Trump’s New Travel Ban Takes Effect
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Trump’s New Travel Ban Takes Effect

Newest Version Blocks Entry by Extended Family Members; Hawaii Goes to Court

No Muslim grandparents allowed. Attorneys and observers went to airports across the United States Thursday night as Trump used the Supreme Court preliminary ruling on his travel ban to try to split Muslim families. Grandparents, aunts, uncles and cousins of people already in the United States wouldn’t be able to enter our country under State Department guidelines.  The State Department initially also said fiancés of people already in the United States also couldn’t enter but then reversed that directive. The ban applies to people from Iran, Sudan, Syria, Libya, Somalia and Yemen.  “They’re taking the Supreme Court decision and twisting it for their own political purposes,” said attorney Camille Mackler. The Supreme Court is scheduled to hear arguments in the case later this year. A Hawaii Imam and attorneys for the state went to court to challenge keeping Muslim grandparents and other relatives out of our country.

Children as bait. Trump is targeting immigrant parents who pay to have their children illegally smuggled into the United States. Agents from the U.S. Customs and Border Protection are sharing information with immigration agents about relatives in the U.S. of unaccompanied children. The information is being used to track down the parents, according to lawyers and government case workers familiar with the practice.

Trump-Putin. Trump is scheduled to meet next week with Vladimir Putin at the G-20 summit in Germany. The White House won’t say whether Trump plans to talk with Putin about Russian meddling in the election which is the focus of multiple investigations. “There’s no specific agenda—it’s really going to be whatever the president wants to talk about,” said H. R. McMaster, the president’s national security adviser.

Voter snooping. Kris Kobach, the Kansas Secretary of State tapped by Trump to investigate bogus accusations of voter fraud, is asking for information about potentially every voter in our country, including names, addresses, birth dates and voting histories. Voting rights advocates fear Kobach may use the information to suppress votes. California, Virginia and Kentucky said they would refuse to comply with the request.Connecticut’s secretary of state, Denise Merrill, said she would “share publicly-available information with the Kobach Commission while ensuring that the privacy of voters is honored by withholding protected data.” She added, however, that Kobach “has a lengthy record of illegally disenfranchising eligible voters in Kansas” and that “given Secretary Kobach’s history we find it very difficult to have confidence in the work of this Commission.” Kobach was fined $1,000 by a federal judge for presenting misleading arguments in a voting-related lawsuit. Earlier this month, Kobach formally announced that he’s running for governor of Kansas.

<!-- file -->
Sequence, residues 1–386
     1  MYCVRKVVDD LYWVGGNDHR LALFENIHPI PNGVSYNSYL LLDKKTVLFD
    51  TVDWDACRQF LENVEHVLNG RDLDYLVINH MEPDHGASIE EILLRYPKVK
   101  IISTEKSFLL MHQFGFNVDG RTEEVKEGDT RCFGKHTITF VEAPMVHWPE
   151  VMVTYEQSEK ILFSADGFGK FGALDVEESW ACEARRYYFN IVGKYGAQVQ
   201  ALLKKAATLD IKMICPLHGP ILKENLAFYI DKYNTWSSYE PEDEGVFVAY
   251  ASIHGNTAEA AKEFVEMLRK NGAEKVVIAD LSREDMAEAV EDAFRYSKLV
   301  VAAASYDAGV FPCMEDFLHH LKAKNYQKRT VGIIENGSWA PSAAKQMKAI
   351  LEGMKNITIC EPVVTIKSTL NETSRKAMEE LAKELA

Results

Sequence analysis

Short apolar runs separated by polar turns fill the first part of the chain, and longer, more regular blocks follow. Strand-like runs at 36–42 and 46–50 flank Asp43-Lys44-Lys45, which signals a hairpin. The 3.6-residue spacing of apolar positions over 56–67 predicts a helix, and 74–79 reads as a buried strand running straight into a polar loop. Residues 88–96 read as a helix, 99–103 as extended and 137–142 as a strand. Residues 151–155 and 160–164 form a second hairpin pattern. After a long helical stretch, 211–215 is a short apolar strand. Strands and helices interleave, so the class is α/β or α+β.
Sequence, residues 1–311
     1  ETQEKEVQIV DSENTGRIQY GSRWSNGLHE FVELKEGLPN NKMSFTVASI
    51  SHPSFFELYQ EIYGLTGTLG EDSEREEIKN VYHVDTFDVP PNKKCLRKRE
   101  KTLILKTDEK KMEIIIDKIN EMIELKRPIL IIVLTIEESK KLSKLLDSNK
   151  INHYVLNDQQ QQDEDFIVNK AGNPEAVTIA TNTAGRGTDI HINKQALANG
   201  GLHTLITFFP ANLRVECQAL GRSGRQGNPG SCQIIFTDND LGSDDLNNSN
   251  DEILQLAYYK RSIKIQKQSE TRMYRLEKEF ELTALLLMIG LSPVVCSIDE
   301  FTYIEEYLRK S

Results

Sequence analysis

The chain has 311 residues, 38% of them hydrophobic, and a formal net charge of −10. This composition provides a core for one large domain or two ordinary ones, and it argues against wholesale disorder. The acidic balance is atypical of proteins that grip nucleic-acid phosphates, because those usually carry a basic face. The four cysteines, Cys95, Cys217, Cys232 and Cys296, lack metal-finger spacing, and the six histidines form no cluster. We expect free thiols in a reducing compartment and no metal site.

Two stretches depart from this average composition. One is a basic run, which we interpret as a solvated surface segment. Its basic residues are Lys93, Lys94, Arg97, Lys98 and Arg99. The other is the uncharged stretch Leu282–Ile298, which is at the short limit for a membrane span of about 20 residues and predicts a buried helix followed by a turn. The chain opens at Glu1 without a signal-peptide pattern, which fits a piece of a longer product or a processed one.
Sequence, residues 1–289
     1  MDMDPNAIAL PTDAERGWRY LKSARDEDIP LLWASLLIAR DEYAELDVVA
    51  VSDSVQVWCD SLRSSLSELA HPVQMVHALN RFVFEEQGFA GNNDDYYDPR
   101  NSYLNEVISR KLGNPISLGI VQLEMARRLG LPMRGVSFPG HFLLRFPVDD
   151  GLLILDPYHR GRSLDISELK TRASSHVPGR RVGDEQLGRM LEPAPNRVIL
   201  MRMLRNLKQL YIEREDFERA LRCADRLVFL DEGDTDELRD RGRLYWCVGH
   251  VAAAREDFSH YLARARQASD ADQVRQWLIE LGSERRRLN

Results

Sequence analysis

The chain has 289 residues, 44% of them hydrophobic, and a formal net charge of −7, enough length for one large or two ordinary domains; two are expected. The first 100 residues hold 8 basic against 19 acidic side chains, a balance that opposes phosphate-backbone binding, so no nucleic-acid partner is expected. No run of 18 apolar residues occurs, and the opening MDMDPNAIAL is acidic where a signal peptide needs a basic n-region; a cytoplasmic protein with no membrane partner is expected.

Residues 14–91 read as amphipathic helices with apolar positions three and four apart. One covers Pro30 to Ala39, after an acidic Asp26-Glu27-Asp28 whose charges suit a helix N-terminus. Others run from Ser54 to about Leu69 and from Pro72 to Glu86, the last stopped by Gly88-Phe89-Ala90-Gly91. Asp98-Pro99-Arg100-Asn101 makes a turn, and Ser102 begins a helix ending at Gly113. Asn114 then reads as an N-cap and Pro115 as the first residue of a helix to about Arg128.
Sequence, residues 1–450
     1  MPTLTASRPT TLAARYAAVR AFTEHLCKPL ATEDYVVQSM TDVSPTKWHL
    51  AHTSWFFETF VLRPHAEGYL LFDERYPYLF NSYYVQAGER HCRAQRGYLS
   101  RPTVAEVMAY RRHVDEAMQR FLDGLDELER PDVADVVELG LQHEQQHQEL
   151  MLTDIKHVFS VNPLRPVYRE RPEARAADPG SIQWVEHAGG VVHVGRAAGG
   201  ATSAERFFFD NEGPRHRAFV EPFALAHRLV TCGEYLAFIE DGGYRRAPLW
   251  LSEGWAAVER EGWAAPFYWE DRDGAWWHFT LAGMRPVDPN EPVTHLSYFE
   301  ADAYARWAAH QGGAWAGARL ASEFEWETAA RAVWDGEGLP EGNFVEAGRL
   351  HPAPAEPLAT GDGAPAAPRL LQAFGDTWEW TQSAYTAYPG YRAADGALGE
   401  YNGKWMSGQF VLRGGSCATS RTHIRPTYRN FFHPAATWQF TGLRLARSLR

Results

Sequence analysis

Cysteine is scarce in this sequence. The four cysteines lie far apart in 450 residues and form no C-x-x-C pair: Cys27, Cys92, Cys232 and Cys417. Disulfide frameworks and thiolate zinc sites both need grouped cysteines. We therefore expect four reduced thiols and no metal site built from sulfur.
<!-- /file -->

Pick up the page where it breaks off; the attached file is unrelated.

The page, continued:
Torture attorney. Steven Bradbury, the man who wrote some of the legal memos that allowed the CIA to torture people, is Trump’s choice to be the general counsel for the Transportation Department. Sen. Tammy Duckworth (D-Ill.), a veteran of the Iraq War, put a hold on Bradbury’s nomination because of his actions under former President George W. Bush. “Mr. Bradbury lacked moral conviction in the Bush White House, and I don’t think he can be trusted to stand up for the values I fought to defend, especially not in a Trump presidency,” Duckworth said. The hold can be broken by a majority vote in the Senate. Trump has made clear he has no moral objection to torture.


June 30, 2017